International Technologies Lasers (ITL), which is based in Rishon Letzion, has developed a device that can analyze and identify chemical elements by remote laser sensing harmless to the eyes and body.
The significance is that for the first time, cars and people may be scanned from several meters away to detect explosives, drugs or other illegal materials.
The security establishment is showing a keen interest in the new device, and ITL is expected to sign a contract with the Public Security Ministry in the near future. Several branches of the United States security forces have also examined the device and are enthusiastic about its performance.
Company CEO Ami Rub said the device will be tested in the field by the end of this year. He said the company's own tests give the device a success rate of close to 100 percent in recognizing and detecting materials.
ITL specializes in products and devices for the security establishment and other military bodies. Among the items it produces are night vision equipment and optic sights. In 2001, the company invested $2.5 million in research, specifically to identify poison gases using remote sensing.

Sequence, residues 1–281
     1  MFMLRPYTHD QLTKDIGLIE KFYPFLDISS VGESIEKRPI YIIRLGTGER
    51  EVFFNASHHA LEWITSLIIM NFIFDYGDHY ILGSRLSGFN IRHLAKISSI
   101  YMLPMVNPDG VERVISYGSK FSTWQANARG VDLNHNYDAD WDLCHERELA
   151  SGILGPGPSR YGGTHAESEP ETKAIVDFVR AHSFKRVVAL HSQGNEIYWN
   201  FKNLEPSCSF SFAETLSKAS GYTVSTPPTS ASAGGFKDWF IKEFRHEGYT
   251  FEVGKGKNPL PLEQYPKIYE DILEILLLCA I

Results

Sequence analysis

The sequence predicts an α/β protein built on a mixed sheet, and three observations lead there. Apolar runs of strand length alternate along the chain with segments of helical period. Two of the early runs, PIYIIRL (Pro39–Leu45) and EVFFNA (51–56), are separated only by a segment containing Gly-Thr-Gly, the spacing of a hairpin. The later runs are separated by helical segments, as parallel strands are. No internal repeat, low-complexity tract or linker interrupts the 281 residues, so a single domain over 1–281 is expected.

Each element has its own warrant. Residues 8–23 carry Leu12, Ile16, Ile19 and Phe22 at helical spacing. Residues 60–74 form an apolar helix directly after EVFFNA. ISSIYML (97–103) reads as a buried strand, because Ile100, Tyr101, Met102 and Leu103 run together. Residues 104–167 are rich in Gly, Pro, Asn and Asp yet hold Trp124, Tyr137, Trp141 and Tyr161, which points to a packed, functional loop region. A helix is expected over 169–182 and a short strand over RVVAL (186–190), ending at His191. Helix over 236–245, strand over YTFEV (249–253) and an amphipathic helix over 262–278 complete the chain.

To that end, several top scientists were recruited. In a short time, the company realized it had developed a device that could recognize other types of dangerous substances as well.
The device is made up of three main components - a laser beam, a spectrometer and a computer. It fires a laser beam at the target.
"The molecules or crystals the laser hits react," said Dr. Mordechai Brestel, the head of the company's research team. "Any substance hit by the beam emits an invisible light with its own unique wavelength, like an individual fingerprint" and the spectrometer analyzes the result of the emission.
Brestel says the company has developed a unique capability to decipher the results and to transfer them to a computer with a database of the characteristics of various substances.
The computer then compares between its database and the results that the spectrometer produces, and gives the operator a real time warning if the subject of the test contains traces of dangerous or illegal substances. The device works up to a range of several dozen meters.
The company admits the device cannot examine objects inside a sealed container - a car trunk, for example - but Rub says substances still leave easily-detectable traces.
Ami Rodrich, ITL's business director, said the technology, for which U.S. and Israeli patents have been applied, has a wide variety of potential applications.
"At airports across the world, there is always a bottleneck where cargo and baggage have to be examined before being loaded onto the plane. Using our device, the check can be carried out in seconds."
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